The article “explaining” the p-value has perhaps the worst definition of p-value I’ve ever seen when not grading exams. MathWorld says it’s “[t]he probability that a variate would assume a value greater than or equal to the observed value strictly by chance: P(z > zobserved)” (wrong). Wikipedia says “In statistical hypothesis testing, the p-value is the probability of obtaining a test statistic at least as extreme as the one that was actually observed, assuming that the null hypothesis is true” (right).

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On Monday, CBS News leapt (or leaped, if you wish) onto the alarm bandwagon, writing (emphasis mine):

So far, the biggest outbreak has taken place on Vancouver Island in British Columbia, but the fungus has since spread past the order [sic] into Oregon where it’s become a "a major source of illness in the region," according to the online journal PLoS Pathogens.

Not to be snarky (translation: Imma snark (translation: sarcasm coming)), but besides misspelling “border,” the CBS News writer failed to read either my previous post here (highly forgivable) or my comment on the PLoS Pathogen article’s discussion page (less forgivable, being that there are only two comments on the article).

It’s interesting to think about where in the scientific peer review process a clinker like “major source of illness” should have been caught. (I’ll think to myself.)

For the record, a publications assistant at PLoS Pathogens who handled my comment deserves thanks. He offered helpful feedback on a first draft of my comment, and he followed up to suggest that PLoS Pathogens cares when their articles are misinterpreted.

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What do you call it if someone commits a crime in an attempt to prove they were right that the crime rate is increasing? Last year, Martin Bernheimer wrote about the sorry state of arts criticism in the country:

Many US papers have abandoned thoughtful, detailed reviews altogether. Publishers, editors and, presumably, readers want instant evaluations and newsbites, preferably with flashy pictures. It is Zagat-think, simplicity for the simple-minded.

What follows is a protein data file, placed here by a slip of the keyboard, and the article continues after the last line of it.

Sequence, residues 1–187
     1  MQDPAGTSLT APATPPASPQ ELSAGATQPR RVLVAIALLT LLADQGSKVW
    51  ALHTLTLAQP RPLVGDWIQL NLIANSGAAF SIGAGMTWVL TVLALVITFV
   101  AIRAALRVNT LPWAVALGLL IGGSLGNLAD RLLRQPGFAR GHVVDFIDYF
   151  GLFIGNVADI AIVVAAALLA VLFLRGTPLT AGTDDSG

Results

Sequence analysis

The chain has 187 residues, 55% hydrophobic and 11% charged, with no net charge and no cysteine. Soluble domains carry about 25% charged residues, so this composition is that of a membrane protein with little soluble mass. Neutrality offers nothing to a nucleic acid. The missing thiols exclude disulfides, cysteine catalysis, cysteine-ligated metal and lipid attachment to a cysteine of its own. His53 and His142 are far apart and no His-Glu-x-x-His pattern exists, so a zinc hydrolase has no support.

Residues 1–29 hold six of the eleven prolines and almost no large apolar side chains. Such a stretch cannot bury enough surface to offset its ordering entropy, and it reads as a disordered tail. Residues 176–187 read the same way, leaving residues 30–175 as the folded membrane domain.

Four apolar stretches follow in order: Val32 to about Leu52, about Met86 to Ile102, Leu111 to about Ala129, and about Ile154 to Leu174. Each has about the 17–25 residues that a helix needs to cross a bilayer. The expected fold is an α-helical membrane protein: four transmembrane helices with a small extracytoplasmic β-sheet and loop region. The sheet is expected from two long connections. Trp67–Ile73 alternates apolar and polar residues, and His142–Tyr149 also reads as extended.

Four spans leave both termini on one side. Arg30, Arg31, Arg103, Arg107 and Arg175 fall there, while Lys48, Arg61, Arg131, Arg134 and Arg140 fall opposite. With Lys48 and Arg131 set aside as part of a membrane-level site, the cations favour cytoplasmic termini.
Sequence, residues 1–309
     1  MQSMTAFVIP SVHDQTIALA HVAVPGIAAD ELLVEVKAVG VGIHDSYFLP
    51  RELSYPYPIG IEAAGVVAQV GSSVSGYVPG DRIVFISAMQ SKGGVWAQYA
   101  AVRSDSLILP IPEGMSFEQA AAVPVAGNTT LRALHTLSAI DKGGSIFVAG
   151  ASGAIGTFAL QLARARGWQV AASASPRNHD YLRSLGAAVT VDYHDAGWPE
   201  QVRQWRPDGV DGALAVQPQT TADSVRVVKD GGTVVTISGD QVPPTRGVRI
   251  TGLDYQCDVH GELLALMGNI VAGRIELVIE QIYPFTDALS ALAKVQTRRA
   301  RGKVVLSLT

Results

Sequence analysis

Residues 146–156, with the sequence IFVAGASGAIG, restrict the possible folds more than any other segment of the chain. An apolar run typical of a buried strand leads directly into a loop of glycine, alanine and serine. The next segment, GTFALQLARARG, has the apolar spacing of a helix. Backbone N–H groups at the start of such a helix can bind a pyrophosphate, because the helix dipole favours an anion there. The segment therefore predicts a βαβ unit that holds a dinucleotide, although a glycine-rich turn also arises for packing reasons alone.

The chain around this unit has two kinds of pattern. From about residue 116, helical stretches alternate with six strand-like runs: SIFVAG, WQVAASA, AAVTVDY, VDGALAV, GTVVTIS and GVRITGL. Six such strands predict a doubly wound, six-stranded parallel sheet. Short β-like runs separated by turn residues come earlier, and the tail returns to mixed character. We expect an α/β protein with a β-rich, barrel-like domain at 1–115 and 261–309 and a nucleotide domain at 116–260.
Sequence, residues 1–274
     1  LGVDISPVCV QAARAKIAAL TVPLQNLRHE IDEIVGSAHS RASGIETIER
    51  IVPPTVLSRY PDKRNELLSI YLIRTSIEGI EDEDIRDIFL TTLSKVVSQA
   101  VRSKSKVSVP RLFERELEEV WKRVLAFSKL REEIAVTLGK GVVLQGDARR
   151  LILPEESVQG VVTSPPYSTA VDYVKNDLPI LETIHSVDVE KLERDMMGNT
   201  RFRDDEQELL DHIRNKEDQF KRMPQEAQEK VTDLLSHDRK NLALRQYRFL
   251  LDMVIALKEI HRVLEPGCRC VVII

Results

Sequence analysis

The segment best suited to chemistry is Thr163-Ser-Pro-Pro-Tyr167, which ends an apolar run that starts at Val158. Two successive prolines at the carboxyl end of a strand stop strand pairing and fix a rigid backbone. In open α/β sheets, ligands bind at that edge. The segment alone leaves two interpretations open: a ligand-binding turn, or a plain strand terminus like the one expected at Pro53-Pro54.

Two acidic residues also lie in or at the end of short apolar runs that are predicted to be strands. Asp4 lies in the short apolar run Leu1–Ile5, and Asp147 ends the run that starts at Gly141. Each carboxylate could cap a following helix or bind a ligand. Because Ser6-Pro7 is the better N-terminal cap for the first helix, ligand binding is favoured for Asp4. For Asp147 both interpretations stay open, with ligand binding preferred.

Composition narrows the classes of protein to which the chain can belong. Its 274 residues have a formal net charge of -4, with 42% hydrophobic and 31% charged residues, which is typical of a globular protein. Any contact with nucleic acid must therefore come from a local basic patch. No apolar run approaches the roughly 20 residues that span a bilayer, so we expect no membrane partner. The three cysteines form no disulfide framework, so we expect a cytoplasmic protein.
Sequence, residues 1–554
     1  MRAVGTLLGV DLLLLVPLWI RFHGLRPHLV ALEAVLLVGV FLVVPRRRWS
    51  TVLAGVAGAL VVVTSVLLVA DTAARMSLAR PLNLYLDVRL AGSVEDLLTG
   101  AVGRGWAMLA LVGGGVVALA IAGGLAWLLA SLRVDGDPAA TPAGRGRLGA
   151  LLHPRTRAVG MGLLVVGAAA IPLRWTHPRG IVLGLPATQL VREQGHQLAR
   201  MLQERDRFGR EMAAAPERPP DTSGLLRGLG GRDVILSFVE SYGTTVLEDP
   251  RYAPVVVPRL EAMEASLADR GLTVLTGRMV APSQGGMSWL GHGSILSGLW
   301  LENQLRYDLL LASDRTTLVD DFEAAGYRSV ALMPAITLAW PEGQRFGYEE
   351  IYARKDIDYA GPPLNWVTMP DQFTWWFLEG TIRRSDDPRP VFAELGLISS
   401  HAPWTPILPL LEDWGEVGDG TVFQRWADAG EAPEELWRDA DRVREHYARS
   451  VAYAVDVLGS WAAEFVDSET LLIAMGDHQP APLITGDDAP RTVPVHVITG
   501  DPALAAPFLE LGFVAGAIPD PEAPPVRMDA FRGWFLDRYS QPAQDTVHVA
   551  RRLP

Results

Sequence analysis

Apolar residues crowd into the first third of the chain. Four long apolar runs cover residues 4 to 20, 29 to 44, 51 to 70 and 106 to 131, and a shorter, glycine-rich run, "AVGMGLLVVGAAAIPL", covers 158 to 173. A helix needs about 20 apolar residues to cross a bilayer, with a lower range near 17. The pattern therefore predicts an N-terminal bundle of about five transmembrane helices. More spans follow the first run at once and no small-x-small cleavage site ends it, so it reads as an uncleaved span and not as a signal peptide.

Today, Martin Bernheimer reviewed the New York Philharmonic’s performance of Mahler’s Eighth Symphony. You can guess where I’m going with this. (Disclosure: I sang in the chorus.) The Financial Times as an organization may or may not have abandoned thoughtful, detailed reviews, but Bernheimer nonetheless gave them the kind of review he said many US papers want. Nope, I won’t be filing his review under “thoughtful and detailed.” The date of the concert, the names of the soloists, and the row in which Bernheimer unhappily sat unfortunately don’t pass the bar for detail. And nothing in his mostly weasely review fits the thoughtful category. Not to omit detail myself, I’ll mention a couple of things Bernheimer got wrong: Joseph Flummerfelt didn’t prepare all three choirs, and Anthony Dean Griffey wasn’t motley. Admittedly, the hypothesis that Bernheimer is writing bad reviews to support his claim that there are too many bad reviews is hard to support. If that were the point, wouldn’t he write the bad reviews using a pseudonym? So here’s another hypothesis about what’s wrong with the guy. He reported today that Avery Fisher Hall

distorted the inherent complexities virtually beyond recognition. Echoes abounded, balances went awry, attacks blurred. Some voices disappeared in the muddle, others boomed as if electronically amplified. It was ugly.

I think one of the abounding echoes was that of his own voice in his own head, because last month, he had this to say about Boulez’s performance of Mahler’s Eighth in Carnegie:

Balances went askew. Melodic details got buried in textural muddles.

Next time someone pays for Bernheimer to sit in a chair, an audiologist’s office might be the right venue. Welcome to my new sarcastic and bitter category. My excuse for being sarcastic and bitter? None, but I’ll point out that I’m not claiming to be a real critic, nor am I getting paid to write this. I promise to post something warm and fuzzy soon. Related reading: Shut up, Martin Bernheimer (Einstein on the A Train, April 23, 2008) Related hearing (only through July 10, 2009): tonight’s performance of the concert, which was broadcast live. I think you’ll love it.